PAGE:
|Title||Anti-Interleukin-6 Antibody as Treatment for Giant Cell Arteritis|
|Creator||Yaping Joyce Liao, MD, PhD|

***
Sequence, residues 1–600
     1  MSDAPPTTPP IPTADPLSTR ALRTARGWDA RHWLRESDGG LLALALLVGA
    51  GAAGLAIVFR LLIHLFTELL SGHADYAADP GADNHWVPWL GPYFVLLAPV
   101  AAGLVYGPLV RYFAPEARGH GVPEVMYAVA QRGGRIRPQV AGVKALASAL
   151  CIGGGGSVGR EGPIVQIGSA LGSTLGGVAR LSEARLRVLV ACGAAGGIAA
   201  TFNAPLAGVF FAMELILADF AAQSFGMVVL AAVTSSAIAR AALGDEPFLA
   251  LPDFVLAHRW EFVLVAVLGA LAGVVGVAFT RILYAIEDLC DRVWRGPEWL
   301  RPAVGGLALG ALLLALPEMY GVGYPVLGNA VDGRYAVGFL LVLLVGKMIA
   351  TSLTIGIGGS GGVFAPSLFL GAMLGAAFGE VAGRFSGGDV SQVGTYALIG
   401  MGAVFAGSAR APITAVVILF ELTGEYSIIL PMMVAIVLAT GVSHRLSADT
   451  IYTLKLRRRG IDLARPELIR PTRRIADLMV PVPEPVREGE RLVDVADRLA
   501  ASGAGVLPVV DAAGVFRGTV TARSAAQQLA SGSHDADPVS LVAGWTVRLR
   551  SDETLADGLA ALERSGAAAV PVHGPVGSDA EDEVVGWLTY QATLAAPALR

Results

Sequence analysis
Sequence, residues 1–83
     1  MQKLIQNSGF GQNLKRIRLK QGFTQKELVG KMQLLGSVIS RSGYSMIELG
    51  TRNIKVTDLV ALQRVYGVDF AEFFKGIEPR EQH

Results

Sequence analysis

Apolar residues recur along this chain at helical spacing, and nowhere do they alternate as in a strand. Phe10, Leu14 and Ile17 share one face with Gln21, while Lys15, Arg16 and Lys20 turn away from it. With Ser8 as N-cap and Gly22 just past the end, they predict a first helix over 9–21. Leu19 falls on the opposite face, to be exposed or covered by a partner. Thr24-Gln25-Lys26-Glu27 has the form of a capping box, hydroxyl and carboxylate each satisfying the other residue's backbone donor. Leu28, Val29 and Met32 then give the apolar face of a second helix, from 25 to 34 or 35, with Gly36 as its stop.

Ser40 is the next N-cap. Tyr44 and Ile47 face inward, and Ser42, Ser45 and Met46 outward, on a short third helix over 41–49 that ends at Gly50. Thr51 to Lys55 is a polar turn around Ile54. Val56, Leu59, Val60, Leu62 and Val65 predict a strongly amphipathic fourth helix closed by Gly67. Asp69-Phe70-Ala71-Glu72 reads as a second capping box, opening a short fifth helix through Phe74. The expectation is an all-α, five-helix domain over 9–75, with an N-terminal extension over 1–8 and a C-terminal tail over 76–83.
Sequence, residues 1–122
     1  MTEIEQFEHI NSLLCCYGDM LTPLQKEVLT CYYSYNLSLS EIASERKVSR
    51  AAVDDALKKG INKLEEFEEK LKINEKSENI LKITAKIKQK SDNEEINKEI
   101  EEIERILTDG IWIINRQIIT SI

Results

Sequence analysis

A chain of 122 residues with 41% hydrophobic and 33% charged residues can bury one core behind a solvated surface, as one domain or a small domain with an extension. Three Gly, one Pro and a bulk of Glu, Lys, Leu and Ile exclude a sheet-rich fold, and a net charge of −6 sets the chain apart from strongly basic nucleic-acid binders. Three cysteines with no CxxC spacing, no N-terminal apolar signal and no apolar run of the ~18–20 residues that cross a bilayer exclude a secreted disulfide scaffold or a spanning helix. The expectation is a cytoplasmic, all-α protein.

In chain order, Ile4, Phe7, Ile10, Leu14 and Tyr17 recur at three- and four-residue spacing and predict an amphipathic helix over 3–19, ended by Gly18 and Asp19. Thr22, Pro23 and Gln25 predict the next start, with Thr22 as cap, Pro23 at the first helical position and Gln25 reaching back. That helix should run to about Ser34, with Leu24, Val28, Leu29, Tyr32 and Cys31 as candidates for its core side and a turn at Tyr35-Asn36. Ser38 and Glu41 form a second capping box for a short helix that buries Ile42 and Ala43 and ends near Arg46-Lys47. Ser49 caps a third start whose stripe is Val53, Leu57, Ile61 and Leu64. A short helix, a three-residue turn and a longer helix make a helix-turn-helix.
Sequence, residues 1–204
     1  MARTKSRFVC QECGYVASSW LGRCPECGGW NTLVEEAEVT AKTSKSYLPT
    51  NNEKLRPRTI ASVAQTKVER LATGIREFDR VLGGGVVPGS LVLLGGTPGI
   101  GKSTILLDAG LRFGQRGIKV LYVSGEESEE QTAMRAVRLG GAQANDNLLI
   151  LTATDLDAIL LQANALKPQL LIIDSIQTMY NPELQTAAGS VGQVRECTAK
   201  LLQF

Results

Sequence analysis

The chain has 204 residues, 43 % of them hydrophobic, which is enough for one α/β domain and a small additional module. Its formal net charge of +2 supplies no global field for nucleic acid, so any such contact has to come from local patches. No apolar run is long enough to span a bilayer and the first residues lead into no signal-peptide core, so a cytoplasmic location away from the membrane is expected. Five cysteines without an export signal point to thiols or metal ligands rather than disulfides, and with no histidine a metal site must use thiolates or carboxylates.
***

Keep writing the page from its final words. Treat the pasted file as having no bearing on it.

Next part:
|Affiliation||Departments of Ophthalmology and Neurology, Stanford University School of Medicine, Palo Alto, California|